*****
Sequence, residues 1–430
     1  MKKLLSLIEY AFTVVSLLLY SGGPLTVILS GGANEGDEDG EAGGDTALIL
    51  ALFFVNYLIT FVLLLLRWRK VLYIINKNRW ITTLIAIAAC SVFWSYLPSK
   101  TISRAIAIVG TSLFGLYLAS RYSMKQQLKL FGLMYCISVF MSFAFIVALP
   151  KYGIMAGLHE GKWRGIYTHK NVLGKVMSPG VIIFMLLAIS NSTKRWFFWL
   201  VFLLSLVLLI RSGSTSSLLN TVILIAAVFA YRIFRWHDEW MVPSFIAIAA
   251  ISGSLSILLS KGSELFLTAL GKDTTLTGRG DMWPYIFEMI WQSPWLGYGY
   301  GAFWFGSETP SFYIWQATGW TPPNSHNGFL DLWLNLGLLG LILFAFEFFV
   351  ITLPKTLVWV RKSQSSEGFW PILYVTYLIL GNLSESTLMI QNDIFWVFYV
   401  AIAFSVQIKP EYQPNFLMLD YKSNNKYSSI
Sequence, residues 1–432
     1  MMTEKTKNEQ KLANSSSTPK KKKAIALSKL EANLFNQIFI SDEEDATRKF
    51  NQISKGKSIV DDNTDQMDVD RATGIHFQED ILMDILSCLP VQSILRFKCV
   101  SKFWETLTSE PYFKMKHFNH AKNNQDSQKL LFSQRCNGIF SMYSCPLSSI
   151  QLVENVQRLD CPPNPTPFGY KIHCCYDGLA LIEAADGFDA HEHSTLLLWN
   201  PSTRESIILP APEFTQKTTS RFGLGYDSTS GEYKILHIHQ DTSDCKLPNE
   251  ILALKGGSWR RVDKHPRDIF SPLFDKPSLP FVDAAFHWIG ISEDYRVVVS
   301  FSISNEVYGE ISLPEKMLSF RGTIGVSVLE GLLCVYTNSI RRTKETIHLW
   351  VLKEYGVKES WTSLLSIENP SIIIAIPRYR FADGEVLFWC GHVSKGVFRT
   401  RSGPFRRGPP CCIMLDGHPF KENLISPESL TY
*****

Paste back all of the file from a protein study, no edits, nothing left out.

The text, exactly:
Sequence, residues 1–430
     1  MKKLLSLIEY AFTVVSLLLY SGGPLTVILS GGANEGDEDG EAGGDTALIL
    51  ALFFVNYLIT FVLLLLRWRK VLYIINKNRW ITTLIAIAAC SVFWSYLPSK
   101  TISRAIAIVG TSLFGLYLAS RYSMKQQLKL FGLMYCISVF MSFAFIVALP
   151  KYGIMAGLHE GKWRGIYTHK NVLGKVMSPG VIIFMLLAIS NSTKRWFFWL
   201  VFLLSLVLLI RSGSTSSLLN TVILIAAVFA YRIFRWHDEW MVPSFIAIAA
   251  ISGSLSILLS KGSELFLTAL GKDTTLTGRG DMWPYIFEMI WQSPWLGYGY
   301  GAFWFGSETP SFYIWQATGW TPPNSHNGFL DLWLNLGLLG LILFAFEFFV
   351  ITLPKTLVWV RKSQSSEGFW PILYVTYLIL GNLSESTLMI QNDIFWVFYV
   401  AIAFSVQIKP EYQPNFLMLD YKSNNKYSSI
Sequence, residues 1–432
     1  MMTEKTKNEQ KLANSSSTPK KKKAIALSKL EANLFNQIFI SDEEDATRKF
    51  NQISKGKSIV DDNTDQMDVD RATGIHFQED ILMDILSCLP VQSILRFKCV
   101  SKFWETLTSE PYFKMKHFNH AKNNQDSQKL LFSQRCNGIF SMYSCPLSSI
   151  QLVENVQRLD CPPNPTPFGY KIHCCYDGLA LIEAADGFDA HEHSTLLLWN
   201  PSTRESIILP APEFTQKTTS RFGLGYDSTS GEYKILHIHQ DTSDCKLPNE
   251  ILALKGGSWR RVDKHPRDIF SPLFDKPSLP FVDAAFHWIG ISEDYRVVVS
   301  FSISNEVYGE ISLPEKMLSF RGTIGVSVLE GLLCVYTNSI RRTKETIHLW
   351  VLKEYGVKES WTSLLSIENP SIIIAIPRYR FADGEVLFWC GHVSKGVFRT
   401  RSGPFRRGPP CCIMLDGHPF KENLISPESL TY